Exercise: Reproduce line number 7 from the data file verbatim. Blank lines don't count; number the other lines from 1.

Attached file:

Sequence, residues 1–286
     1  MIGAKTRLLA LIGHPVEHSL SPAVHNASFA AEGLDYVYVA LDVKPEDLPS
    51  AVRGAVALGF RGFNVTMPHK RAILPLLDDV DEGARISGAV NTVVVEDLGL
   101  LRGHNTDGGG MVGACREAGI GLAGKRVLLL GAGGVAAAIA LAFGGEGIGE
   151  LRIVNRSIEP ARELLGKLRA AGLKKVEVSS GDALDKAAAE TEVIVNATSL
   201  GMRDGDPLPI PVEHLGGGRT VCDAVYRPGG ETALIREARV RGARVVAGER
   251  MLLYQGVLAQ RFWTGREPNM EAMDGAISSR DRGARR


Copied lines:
   251  MLLYQGVLAQ RFWTGREPNM EAMDGAISSR DRGARR